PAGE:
Are the Rayats not also put at risk when disrespected and unnecessarily searched?

Cover Image Credit: G / Twitter

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This Is How Your Same-Sex Marriage Affects Me As A Catholic Woman

I hear you over there, Bible Bob.
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It won't.

Wait, what?

SEE ALSO: To My Closeted Self, I Have Something To Tell You

I promise you did read that right. Not what you were expecting me to say, right? Who another person decides to marry will never in any way affect my own marriage whatsoever. (Unless they try to marry the person that I want to, then we might have a few problems.)

As a kid, I was raised, baptized, and confirmed into an old school Irish Catholic church in the middle of a small, midwestern town. Not exactly a place that most people would consider to be very liberal or open minded. Despite this I was taught to love and accept others as a child, to not cast judgment because the only person fit to judge was God. I learned this from my Grandpa, a man whose love of others was only rivaled by his love of sweets and spoiling his grandkids.

While I learned this at an early age, not everyone else in my hometown — or even within my own church — seemed to get the memo. When same-sex marriage was finally legalized country-wide, I cried tears of joy for some of my closest friends who happen to be members of the LGBTQ community. I was happy while others I knew were disgusted and even enraged.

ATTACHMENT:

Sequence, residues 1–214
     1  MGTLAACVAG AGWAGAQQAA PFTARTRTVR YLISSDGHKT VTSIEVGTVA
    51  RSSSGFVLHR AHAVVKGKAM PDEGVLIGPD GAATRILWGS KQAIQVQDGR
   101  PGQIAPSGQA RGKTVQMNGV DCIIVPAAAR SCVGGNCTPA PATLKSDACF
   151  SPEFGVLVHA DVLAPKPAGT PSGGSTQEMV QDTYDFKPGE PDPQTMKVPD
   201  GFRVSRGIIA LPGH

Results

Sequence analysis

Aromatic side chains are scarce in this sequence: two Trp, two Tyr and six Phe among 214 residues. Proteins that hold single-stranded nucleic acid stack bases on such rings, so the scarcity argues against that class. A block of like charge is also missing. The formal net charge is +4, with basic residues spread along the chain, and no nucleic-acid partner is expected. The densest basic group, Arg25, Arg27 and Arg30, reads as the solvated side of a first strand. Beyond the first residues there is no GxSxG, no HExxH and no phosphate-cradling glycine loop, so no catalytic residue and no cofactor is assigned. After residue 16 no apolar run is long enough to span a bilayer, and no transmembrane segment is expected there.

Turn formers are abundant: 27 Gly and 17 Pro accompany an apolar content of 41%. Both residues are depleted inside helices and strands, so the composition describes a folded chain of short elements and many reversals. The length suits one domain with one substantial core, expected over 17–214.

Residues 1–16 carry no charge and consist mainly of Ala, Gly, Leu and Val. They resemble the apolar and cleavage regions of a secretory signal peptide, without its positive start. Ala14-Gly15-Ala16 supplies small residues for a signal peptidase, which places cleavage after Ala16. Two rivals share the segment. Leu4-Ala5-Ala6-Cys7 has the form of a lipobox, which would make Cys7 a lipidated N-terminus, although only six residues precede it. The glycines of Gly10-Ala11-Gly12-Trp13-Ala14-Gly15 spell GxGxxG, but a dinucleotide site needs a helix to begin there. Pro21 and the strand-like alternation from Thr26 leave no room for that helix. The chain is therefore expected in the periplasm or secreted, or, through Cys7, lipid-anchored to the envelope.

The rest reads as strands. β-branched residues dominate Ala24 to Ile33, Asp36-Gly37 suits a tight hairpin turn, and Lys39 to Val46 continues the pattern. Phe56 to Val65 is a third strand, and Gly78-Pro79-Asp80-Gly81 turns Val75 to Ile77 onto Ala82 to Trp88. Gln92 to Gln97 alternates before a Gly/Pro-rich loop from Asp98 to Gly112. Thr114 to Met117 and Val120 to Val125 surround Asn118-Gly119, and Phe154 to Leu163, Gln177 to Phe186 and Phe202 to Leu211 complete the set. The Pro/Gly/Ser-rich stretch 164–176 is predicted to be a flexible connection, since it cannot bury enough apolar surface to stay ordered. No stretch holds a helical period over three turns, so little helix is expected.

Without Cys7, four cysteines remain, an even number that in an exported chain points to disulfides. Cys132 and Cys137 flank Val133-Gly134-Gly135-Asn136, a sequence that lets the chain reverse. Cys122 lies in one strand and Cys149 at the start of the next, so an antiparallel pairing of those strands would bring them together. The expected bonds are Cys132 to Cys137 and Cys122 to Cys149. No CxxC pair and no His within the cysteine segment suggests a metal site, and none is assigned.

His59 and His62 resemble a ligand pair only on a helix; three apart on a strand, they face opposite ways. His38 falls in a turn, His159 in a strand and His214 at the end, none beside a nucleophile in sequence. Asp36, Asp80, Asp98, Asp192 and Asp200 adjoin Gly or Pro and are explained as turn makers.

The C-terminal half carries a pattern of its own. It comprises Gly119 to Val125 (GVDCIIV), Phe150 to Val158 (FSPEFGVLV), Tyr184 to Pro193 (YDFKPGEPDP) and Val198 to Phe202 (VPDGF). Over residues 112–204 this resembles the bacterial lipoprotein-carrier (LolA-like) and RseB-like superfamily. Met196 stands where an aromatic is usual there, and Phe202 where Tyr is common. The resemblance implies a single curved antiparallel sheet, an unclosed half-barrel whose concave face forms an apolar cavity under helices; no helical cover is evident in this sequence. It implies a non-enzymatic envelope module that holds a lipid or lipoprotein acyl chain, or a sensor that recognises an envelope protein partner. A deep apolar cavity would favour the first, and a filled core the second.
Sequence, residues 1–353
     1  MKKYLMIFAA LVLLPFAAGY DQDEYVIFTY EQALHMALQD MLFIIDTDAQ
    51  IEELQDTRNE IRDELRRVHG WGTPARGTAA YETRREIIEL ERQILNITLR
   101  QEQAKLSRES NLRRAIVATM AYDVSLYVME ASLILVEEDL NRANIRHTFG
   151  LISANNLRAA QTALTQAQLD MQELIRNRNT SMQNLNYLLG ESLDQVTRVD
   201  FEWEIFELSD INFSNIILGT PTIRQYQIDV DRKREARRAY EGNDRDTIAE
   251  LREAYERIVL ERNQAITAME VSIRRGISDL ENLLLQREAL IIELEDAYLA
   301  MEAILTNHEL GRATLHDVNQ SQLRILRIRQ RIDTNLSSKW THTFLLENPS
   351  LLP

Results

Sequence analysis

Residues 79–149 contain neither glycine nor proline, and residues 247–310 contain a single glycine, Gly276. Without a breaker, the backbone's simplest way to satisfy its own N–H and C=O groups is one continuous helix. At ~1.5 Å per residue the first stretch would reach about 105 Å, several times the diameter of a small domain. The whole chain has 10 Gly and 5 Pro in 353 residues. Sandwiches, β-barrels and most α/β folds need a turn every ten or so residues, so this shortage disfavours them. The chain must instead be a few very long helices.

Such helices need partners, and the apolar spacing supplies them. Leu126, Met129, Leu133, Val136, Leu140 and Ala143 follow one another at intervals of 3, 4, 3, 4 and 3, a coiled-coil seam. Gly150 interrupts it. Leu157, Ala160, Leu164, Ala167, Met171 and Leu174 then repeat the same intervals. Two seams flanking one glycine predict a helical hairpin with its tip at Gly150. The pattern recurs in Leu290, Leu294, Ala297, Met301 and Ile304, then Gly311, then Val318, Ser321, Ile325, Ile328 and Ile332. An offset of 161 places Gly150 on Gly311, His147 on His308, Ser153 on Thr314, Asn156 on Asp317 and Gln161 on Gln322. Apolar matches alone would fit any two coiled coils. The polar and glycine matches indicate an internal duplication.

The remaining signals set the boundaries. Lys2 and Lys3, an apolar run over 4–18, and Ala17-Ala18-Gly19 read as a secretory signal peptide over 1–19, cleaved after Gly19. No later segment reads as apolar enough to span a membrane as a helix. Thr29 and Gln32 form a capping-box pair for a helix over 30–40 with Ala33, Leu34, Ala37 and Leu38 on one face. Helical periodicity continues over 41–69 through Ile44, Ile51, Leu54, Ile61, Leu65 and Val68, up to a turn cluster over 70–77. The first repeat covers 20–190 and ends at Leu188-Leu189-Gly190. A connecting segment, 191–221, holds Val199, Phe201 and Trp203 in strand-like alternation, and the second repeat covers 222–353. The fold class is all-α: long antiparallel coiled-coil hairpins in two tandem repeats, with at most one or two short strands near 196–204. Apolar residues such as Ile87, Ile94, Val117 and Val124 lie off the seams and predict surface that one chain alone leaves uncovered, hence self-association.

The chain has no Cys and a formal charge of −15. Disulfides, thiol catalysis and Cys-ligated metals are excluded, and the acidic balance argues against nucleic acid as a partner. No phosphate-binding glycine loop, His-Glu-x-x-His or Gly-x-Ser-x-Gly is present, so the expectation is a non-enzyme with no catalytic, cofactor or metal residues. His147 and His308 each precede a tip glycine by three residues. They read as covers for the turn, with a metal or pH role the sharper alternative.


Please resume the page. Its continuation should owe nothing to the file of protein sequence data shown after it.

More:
"That's not what it says in the bible! Marriage is between a man and a woman!"

"God made Adam and Eve for a reason! Man shall not lie with another man as he would a woman!"

"Homosexuality is a sin! It's bad enough that they're all going to hell, now we're letting them marry?"

Alright, Bible Bob, we get it, you don't agree with same-sex relationships. Honestly, that's not the issue. One of our civil liberties as United States citizens is the freedom of religion. If you believe your religion doesn't support homosexuality that's OK. What isn't OK is thinking that your religious beliefs should dictate others lives. What isn't OK is using your religion or your beliefs to take away rights from those who chose to live their life differently than you.

Some members of my church are still convinced that their marriage now means less because people are free to marry whoever they want to. Honestly, I wish I was kidding. Tell me again, Brenda how exactly do Steve and Jason's marriage affect yours and Tom's?

It doesn't. Really, it doesn't affect you at all. Unless Tom suddenly starts having an affair with Steve their marriage has zero effect on you. You never know Brenda, you and Jason might become best friends by the end of the divorce. (And in that case, Brenda and Tom both need to go to church considering the bible also teaches against adultery and divorce.)

I'll say it one more time for the people in the back; same-sex marriage does not affect you even if you or your religion does not support it. If you don't agree with same sex marriage then do not marry someone of the same sex. Really, it's a simple concept.